If such a critic were consistent, then he would also have to say that the gun that the butler used didn’t really fire any bullets, that the bullets are not really what killed the victim, that the judge and jury didn’t really punish the butler, etc. – all on the grounds that it was really the author who did all these things, since, after all, he was the one who wrote the story that way.

This is nonsense of course. All we have to ask are a few questions:

(1) Would it have been impossible for the butler to have done something different when he fired the bullets? Yes or no?
(2) Did the author ultimately cause the butler to fire the shots? Yes or no?
(3) Are the butler's will and actions ultimately caused by the author? Yes or no?

If the answer is yes to any of these, the butler has no free will. Certainly not libertarian free will. The butler had no more choice or say in the matter than a Westworld robot. He was just the character in the author's pre-planned drama that the author determined to kill. Furthermore, Feser says...

But by the same token, to be consistent, we also have to speak of the butler and other characters as if they acted freely.

This is more nonsense. No we don't. All we have to recognize is that the characters in the book are all effects of the cause of the writer. Likewise, if we're all characters in a cosmic drama and god is the author, we are all technically the effect of god's causal power. We could not have done otherwise and nothing we do is technically controlled by us. Feser just keeps asserting we have free will on Thomism. We all expect that of a Thomist, because they know how silly their worldview looks if there isn't free will. But Feser has no logical case here. In the end he writes:

Misgivings about Aquinas’s account of divine causality and free will seem largely to derive from two errors. The first involves reading into Aquinas modern philosophical assumptions about free will and causality that he would not accept, the result of which is a travesty of what he actually thinks about the nature of free will. (Hence all the heavy going about whether Aquinas was a compatibilist, a libertarian, etc. I don’t think he is properly understood in terms of any of the categories that have now become standard, any more than his views on the mind-body problem are properly classified as Cartesian, materialist, functionalist, etc.)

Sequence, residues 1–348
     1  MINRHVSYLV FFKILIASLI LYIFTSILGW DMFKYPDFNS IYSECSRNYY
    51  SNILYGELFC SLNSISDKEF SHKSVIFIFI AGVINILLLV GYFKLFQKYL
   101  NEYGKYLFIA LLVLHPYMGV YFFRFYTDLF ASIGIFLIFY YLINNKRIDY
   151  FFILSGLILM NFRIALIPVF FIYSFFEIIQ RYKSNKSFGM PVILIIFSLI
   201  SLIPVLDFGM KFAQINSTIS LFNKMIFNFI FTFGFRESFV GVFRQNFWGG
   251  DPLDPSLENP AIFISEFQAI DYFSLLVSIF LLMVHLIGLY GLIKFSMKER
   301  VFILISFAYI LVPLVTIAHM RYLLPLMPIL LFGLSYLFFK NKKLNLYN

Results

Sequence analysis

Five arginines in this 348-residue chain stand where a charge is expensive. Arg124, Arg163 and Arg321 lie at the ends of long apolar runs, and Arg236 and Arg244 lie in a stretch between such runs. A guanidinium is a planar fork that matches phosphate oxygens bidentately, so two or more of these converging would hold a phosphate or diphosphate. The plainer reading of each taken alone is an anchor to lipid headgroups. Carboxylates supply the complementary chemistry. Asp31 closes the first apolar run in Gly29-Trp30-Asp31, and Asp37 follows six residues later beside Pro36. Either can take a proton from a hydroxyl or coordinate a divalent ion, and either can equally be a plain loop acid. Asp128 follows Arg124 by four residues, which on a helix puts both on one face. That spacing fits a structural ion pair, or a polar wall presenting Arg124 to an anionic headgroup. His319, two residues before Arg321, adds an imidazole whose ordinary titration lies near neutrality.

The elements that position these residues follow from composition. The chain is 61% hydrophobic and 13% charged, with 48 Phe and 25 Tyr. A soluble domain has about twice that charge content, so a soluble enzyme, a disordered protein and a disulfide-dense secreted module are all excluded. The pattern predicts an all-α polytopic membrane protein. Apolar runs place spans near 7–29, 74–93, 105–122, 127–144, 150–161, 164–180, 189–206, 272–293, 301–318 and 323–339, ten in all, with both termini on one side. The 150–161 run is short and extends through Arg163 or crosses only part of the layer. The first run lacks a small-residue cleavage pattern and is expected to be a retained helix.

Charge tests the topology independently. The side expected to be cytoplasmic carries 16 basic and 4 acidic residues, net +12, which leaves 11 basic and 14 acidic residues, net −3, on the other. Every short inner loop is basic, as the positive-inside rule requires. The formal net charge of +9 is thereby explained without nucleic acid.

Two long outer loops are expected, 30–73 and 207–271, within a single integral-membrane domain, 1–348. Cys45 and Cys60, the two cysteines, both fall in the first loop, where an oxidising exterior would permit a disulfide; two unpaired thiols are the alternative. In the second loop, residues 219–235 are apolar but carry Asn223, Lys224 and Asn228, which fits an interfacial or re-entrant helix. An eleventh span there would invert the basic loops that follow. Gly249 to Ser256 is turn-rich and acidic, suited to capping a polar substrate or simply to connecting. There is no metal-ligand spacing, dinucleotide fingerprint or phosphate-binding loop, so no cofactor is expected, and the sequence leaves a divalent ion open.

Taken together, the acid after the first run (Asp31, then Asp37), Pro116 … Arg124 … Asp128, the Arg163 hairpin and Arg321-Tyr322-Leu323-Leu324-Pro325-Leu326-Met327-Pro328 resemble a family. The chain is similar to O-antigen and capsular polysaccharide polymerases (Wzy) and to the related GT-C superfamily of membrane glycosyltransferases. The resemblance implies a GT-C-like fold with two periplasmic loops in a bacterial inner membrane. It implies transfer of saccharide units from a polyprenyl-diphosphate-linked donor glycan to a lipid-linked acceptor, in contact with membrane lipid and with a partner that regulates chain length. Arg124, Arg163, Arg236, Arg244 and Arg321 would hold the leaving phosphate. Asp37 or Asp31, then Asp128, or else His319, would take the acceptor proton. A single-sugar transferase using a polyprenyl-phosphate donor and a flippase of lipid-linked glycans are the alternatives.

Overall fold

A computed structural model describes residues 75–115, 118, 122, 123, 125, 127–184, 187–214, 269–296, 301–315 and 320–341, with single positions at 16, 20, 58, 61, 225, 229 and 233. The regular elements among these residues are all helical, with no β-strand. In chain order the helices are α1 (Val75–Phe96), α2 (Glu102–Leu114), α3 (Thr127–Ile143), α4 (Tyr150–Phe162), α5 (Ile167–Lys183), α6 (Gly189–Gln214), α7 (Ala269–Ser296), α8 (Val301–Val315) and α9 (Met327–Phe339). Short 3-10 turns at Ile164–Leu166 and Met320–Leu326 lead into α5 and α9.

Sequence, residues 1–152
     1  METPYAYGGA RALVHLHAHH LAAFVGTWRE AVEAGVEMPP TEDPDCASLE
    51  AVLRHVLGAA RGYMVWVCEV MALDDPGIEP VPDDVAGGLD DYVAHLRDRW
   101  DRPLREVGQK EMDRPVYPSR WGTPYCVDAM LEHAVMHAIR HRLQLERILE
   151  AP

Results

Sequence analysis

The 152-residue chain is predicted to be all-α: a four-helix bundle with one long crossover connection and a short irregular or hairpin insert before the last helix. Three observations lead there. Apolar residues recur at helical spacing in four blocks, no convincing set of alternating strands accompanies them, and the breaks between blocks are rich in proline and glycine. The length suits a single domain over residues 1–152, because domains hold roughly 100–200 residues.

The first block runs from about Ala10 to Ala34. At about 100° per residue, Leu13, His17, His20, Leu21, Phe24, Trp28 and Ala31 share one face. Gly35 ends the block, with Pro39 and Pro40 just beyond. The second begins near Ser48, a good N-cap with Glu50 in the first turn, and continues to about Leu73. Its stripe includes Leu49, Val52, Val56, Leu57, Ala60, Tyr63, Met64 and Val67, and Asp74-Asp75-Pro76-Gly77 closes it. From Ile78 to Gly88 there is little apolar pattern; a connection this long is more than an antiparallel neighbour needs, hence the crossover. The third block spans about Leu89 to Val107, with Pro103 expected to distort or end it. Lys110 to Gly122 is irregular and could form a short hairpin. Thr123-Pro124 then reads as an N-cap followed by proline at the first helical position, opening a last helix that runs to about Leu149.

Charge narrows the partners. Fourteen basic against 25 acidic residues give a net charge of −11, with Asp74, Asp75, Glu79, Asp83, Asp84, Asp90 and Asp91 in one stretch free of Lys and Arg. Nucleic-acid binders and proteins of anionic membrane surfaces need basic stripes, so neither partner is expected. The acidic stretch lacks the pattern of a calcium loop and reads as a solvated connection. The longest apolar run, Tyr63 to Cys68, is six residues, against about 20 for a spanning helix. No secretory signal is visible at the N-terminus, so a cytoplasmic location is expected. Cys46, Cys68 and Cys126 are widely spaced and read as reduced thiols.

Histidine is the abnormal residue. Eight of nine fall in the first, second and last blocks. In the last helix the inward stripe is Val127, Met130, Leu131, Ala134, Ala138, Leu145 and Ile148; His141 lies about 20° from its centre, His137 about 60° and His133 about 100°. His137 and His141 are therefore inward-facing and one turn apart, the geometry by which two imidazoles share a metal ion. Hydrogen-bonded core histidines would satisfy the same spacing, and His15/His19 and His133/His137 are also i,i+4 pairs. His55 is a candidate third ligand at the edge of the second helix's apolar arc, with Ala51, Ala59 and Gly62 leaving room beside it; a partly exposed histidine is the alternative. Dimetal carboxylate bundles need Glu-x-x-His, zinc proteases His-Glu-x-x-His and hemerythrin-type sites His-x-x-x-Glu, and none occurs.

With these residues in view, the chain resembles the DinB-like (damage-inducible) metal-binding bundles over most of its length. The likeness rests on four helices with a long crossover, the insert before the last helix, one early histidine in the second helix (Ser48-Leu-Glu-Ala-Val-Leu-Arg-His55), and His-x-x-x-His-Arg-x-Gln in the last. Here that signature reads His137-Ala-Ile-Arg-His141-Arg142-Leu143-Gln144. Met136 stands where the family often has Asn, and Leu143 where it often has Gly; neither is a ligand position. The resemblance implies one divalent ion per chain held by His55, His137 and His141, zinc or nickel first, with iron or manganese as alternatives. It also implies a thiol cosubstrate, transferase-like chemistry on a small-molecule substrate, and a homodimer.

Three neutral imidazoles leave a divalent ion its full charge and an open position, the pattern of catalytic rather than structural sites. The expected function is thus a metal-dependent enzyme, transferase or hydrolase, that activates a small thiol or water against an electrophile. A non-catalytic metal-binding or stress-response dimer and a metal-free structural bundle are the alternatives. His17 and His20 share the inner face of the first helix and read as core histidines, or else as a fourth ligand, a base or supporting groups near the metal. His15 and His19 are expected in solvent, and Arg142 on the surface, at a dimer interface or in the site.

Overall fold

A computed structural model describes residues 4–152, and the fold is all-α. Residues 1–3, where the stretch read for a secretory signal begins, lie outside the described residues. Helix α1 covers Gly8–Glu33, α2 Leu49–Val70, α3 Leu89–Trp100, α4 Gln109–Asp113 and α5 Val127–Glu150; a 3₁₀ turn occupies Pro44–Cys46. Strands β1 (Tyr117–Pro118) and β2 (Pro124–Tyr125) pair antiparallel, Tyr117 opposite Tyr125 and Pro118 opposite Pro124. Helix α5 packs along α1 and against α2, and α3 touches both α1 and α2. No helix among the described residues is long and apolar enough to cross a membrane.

Feser is wrong here again. If you are not the ultimate cause of your thoughts or actions, you don't have libertarian free will. You either have no free will, or some kind of compatibilistic free will. Those are your only options. Looking at the intellect in terms of formal and final causality, if granted, both of these are ultimate caused by god. If all material causes are done by god, your formal causes must be too, otherwise we'd get formal causes that are not in coherence with material causes.

The second error involves treating God as if he were simply one further efficient cause alongside all the others in the universe, only more powerful and further back in the line of efficient causes.

That's not an error. If god is the ultimate cause of everything—meaning, all subsequent or proximate causes are the result of god's ultimate cause, the latter causes have no more free will than the last domino that falls in a series of falling dominoes: the entire series was determined to happen. Feser is a compatibilist but refuses to admit it, and that poses severe problems of how any kind of hell can be justified given that on Catholicism there is no real free will.

I have no doubt a Thomist would want to challenge me on all of the above. But if they want to do so they need to prove how being ultimately caused without the ability to do otherwise, and merely being rational, can properly be called "free will." I've argued it is not and that Feser's explanation for free will is woefully inadequate. His lemmings never seem to get that.